Lewis joined News Corp. as a group general manager in 2010, after the company had already begun to grapple with the fallout of the phone-hacking scandal, and the following year moved into a role on the executive committee charged with working with investigators who were probing the wrongdoing. He was later criticized by some News Corp. journalists who believed Lewis had sold them out by providing information about them to the police. Lewis has denied this.

“I did whatever I could to preserve journalistic integrity,” he told The Washington Post in an interview last fall after he was named to head the company.

During the three-day hearing in London this week, Harry’s lawyers offered more details about their allegation that Lewis was instrumental in the destruction of company emails that they argued could have provided evidence of greater wrongdoing. “Approval was given for the deletion of emails by [company lawyer] John Chapman and Will Lewis on the authority of Rebekah Brooks,” David Sherborne, the lawyer for Harry and other claimants, said in court Wednesday.

Lewis has denied claims that he played a role in concealing emails.

“The allegation that I was involved in any wrongdoing is completely untrue,” he told the BBC in 2020 after the claim was made in litigation related to the hacking scandal. “My role was to put things right, and that is what I did.”

On Friday, he declined to comment about the claims from Harry’s lawyers this week.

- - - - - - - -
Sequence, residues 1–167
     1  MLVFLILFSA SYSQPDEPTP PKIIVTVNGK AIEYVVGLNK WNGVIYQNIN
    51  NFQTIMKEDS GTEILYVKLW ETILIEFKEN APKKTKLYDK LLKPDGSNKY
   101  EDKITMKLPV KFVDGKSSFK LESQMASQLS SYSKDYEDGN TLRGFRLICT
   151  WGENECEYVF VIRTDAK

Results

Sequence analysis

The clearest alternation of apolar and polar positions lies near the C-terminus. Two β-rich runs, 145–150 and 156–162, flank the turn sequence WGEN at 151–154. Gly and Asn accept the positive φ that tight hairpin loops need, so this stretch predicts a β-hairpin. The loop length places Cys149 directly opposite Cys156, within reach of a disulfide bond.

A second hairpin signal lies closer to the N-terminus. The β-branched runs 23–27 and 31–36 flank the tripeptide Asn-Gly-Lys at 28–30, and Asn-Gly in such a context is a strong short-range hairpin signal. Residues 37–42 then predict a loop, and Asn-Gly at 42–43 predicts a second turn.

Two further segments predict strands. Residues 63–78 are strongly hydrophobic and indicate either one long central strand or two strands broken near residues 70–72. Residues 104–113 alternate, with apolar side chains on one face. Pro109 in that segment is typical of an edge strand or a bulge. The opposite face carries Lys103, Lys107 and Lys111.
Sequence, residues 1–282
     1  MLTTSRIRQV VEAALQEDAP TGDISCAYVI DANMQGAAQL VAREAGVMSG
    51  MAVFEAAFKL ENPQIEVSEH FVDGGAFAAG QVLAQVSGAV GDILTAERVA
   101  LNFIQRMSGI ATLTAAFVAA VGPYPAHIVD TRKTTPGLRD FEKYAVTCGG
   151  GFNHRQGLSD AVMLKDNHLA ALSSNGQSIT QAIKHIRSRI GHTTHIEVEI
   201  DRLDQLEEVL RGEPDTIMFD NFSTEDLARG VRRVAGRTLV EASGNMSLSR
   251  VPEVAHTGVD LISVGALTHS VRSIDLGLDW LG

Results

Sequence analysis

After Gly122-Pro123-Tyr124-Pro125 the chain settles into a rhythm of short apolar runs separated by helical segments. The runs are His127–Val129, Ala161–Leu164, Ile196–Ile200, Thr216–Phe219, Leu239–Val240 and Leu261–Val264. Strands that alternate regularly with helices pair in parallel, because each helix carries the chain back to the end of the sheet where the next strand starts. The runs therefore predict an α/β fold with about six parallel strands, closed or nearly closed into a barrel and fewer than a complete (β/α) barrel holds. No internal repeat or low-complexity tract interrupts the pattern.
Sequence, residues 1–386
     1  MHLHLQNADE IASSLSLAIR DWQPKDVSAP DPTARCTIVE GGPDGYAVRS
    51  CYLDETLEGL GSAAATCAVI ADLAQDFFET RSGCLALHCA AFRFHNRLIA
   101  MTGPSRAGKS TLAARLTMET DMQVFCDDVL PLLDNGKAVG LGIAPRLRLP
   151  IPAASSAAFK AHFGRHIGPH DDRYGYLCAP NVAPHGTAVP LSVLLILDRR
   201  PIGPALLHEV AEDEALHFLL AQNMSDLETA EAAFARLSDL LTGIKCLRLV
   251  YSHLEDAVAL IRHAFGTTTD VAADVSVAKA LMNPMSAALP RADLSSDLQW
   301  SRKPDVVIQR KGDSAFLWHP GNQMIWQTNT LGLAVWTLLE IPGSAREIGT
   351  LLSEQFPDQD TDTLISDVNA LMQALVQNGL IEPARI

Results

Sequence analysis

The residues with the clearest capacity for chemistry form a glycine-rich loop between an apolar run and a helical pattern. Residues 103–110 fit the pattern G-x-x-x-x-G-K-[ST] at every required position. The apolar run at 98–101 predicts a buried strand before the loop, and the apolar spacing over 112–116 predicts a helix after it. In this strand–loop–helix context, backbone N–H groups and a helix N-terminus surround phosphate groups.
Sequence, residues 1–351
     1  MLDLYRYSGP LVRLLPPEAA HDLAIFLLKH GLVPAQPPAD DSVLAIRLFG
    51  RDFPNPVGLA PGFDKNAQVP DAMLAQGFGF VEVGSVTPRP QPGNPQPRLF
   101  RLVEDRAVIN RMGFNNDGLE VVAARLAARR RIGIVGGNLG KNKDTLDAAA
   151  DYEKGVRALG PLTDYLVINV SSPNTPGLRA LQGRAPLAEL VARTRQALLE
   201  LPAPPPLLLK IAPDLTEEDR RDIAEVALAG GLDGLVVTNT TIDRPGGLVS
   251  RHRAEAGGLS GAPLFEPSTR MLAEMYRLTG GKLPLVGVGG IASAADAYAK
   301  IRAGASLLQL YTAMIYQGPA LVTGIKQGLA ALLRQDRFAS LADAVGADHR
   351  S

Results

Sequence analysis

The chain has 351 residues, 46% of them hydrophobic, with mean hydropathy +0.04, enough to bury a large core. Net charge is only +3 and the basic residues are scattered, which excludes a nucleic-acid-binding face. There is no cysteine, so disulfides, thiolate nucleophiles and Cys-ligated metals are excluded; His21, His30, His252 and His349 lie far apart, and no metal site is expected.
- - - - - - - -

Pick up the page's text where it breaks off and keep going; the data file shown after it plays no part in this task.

Police closed their investigation of News Group Newspapers in 2015, saying there was insufficient evidence to find corporate liability in the hacking scandal.

Sherborne is widely seen as the mind behind much of the success of various civil claims launched on behalf of Harry.

Anthony Hudson, the defense attorney for News Group Newspapers, said the proposed amendment to the case was unnecessary and seemed to be designed to “grab headlines.”

In his rebuttal to the effort to amend the case, he said the claimants were grasping at straws and recklessly expanding the suit.

“It would actually take five trials to try all of the claimant’s articles that he relies on. Of course it’s very unlikely he would get five trials,” he told the judge, according to court transcripts.

Hudson called the amendment a tactic “to distract from the reality” and mask what he says are the weaknesses of the case.

In a response in court Friday, Sherborne described the defense’s position on the amendments as “a red herring” and said 10 months was “far more than ample time” to prepare for a 2025 trial, even with the amendments.

Mark Stephens, a London-based media lawyer, said the purpose of adding senior executives like Lewis and Brooks was a strategy to draw out “disclosure,” or documents that Harry’s lawyers hope would help them get to Murdoch.

Harry’s lawyers are “shifting the argument slightly to say, ‘You became aware at some point of phone hacking and you tried to mitigate it.’ … It’s subtly different than a ‘you-knew-and-approved it’ approach.”

He added that it seemed like Harry’s lawyers were “trying to get to Murdoch, but there are executives and former executives in the way.”

Paul Schemm in London and Laura Wagner in New York contributed to this report.